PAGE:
Soil Organic Matter and Soil Multifunctionality in Forest Ecosystems

A special issue of Forests (ISSN 1999-4907). This special issue belongs to the section "Forest Soil".

Deadline for manuscript submissions: 20 December 2024 | Viewed by 707

Special Issue Editors

College of Land Resources and Environment, Jiangxi Agricultural University, Nanchang 330045, China
Interests: carbon cycle; soil microbe; ecological stoichiometry; soil–plant interaction; soil aggregate; soil nutrient; forest restoration; plant diversity; climate change
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Guest Editor
College of Juncao Science and Ecology, Fujian Agriculture and Forestry University, Fuzhou 350002, China
Interests: soil biogeochemistry; soil organic carbon; greenhouse gas emissions; pyrogenic carbon; forest management; fire ecology; ecological restoration

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Guest Editor
State Key Laboratory of Atmospheric Boundary Layer Physics and Atmospheric Chemistry, Institute of Atmospheric Physics, Chinese Academy of Sciences, Beijing 100029, China
Interests: soil respiration; methane and nitrous oxide flux; organic matter decomposition; nitrogen transformation; nitrogen leaching; nitrogen deposition; dissolved organic matter; climate change; 13C of soil-respired CO2
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South China Botanical Garden, Chinese Academy of Sciences, Guangzhou 510650, China
Interests: nitrogen biogeochemistry; soil carbon sequestration; climate change; forest ecology
Special Issues, Collections and Topics in MDPI journals

Special Issue Information

Dear Colleagues,

Soil organic matter (SOM), an important organic component in soils, plays an important role in maintaining soil fertility, ecosystem function, food security, and global change. Globally, soil scientists have made long-term and great efforts to improve our understanding of SOM dynamics and functions as well as its responses to global environmental change. Soil multifunctionality is an important part of ecosystem multifunctionality. Studying soil multifunctionality and its driving factors can help us understand the comprehensive functions of soil better, providing a reference for the reasonable management and evaluation of soil ecosystems. With the long-term efforts of soil scientists and the application of new technologies and methods, studies of SOM cycling and soil multifunctionality have made great progress, but they still face many difficulties and challenges, especially in the context of global environmental change. A better understanding of forest SOM cycling and soil multifunctionality will facilitate the understanding of soil ecological processes and ecosystem service functions that can be applied to ecological and forestry practices. This Special Issue is aimed at providing selected contributions on advances in soil SOM cycling and soil multifunctionality in forest ecosystems in a changing world.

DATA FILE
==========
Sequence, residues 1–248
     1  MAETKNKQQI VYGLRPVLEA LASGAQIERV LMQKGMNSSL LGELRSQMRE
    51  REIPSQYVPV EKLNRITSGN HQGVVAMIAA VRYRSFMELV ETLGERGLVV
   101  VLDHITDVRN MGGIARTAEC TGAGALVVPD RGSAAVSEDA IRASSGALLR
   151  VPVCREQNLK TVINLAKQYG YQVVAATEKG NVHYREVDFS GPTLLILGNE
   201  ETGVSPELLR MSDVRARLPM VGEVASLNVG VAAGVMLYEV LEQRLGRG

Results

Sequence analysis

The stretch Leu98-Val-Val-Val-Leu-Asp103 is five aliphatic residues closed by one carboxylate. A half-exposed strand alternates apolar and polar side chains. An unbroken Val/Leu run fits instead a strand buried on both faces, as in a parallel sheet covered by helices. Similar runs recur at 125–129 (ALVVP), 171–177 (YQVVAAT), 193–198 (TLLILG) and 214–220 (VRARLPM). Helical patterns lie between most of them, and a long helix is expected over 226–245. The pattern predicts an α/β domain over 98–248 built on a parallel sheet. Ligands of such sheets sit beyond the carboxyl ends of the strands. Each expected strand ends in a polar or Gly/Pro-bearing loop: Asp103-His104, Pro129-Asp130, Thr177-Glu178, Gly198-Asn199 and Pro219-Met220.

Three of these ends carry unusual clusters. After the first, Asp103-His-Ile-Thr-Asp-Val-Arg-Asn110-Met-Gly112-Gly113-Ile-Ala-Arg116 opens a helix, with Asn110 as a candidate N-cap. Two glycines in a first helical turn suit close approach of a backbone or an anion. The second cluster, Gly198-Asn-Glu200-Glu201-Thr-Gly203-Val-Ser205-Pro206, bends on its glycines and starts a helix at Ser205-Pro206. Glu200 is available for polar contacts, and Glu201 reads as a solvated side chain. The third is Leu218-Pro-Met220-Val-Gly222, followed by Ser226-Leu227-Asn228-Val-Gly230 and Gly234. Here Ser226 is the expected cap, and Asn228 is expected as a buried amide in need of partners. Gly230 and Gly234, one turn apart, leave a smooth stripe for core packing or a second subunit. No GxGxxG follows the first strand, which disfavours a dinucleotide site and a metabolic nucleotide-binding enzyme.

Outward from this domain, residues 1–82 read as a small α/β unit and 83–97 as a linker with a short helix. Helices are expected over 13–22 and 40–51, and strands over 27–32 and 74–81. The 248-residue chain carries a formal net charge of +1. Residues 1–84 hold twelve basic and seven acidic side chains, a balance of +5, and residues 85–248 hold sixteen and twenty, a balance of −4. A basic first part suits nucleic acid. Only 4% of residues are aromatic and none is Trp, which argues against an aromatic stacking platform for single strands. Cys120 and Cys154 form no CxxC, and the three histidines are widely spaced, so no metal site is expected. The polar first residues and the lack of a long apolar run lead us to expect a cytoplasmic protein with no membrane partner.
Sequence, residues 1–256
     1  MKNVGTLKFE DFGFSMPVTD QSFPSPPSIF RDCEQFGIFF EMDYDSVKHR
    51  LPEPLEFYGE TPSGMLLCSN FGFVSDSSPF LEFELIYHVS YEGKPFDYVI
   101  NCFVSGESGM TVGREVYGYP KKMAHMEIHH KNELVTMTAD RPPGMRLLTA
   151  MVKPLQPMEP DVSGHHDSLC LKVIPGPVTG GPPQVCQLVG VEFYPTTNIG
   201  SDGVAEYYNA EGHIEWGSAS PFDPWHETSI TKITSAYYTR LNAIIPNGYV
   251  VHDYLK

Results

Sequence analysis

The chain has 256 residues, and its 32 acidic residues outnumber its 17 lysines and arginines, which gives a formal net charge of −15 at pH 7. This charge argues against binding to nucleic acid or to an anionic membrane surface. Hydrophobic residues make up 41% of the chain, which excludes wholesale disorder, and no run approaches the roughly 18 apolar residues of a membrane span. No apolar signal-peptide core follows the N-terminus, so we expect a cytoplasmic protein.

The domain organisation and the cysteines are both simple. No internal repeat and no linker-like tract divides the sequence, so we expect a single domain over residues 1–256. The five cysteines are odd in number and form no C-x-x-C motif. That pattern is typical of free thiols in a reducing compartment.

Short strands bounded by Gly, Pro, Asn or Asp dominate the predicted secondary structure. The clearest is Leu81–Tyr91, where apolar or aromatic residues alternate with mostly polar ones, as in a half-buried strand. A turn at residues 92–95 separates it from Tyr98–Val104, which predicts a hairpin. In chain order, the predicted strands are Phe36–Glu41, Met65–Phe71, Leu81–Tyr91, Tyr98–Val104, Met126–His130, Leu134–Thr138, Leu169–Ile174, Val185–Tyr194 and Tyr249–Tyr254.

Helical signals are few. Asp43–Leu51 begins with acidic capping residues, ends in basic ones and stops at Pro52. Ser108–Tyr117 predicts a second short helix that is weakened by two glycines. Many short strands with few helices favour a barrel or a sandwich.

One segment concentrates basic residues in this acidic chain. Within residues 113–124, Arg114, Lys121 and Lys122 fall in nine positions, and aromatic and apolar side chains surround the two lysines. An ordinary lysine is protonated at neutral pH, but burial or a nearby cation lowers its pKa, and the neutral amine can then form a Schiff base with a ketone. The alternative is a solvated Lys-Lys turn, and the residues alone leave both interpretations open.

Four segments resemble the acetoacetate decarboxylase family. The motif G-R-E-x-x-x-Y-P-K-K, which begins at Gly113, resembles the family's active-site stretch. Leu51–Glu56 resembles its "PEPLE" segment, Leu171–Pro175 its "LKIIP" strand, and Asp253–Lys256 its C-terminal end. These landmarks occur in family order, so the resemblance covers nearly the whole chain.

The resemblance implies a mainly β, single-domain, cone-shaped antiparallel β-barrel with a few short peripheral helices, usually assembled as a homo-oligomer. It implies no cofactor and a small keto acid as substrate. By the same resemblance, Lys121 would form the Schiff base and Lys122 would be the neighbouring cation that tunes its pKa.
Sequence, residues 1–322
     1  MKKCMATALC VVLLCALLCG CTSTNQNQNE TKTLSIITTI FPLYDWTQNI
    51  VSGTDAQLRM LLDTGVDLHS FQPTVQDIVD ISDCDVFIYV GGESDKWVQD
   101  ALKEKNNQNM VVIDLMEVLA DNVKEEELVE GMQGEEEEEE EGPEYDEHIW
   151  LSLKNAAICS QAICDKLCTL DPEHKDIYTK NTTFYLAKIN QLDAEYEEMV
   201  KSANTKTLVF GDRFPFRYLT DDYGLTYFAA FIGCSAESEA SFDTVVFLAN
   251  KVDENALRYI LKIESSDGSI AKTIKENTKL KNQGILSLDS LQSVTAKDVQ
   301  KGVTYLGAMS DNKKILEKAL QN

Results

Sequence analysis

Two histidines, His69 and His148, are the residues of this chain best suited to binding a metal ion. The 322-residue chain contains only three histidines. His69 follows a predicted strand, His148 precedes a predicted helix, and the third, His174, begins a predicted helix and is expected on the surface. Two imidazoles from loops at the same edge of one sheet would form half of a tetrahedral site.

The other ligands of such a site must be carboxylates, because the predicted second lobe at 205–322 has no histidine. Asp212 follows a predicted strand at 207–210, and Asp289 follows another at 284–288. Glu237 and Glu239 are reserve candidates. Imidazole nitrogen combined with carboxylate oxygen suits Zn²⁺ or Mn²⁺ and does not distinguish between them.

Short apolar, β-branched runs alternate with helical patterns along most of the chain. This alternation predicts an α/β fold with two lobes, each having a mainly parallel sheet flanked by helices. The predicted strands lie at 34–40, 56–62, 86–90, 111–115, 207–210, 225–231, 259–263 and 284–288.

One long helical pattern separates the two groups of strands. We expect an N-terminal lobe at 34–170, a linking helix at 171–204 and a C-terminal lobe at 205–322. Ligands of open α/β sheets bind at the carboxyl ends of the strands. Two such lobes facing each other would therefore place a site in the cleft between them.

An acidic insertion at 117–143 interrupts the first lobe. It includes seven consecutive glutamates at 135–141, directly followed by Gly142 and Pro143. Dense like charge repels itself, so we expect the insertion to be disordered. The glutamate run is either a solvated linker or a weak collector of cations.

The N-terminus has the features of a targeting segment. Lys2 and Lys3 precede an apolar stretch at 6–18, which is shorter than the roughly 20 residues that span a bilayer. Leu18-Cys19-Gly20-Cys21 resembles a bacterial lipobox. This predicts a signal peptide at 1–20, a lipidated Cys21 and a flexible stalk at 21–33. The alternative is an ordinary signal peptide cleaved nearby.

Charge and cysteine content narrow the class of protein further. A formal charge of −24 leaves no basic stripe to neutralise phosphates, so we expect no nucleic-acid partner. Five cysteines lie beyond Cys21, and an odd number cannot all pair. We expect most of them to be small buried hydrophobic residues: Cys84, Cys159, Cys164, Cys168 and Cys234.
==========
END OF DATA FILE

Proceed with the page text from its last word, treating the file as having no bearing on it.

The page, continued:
We encourage research in all these areas, including, but not limited to, the following: SOM formation and decomposition; soil carbon, nitrogen, or phosphorus cycling; greenhouse gas emissions from soils; mechanisms of SOM biogeochemistry; soil multifunctionality; soil ecological stoichiometry; biodiversity; forest restoration; forest management; forest succession; and climate change.

Dr. Xiong Fang
Dr. Yuzhe Wang
Prof. Dr. Xingkai Xu
Prof. Dr. Xiankai Lu
Guest Editors

Manuscript Submission Information

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Submitted manuscripts should not have been published previously, nor be under consideration for publication elsewhere (except conference proceedings papers). All manuscripts are thoroughly refereed through a single-blind peer-review process. A guide for authors and other relevant information for submission of manuscripts is available on the Instructions for Authors page. Forests is an international peer-reviewed open access monthly journal published by MDPI.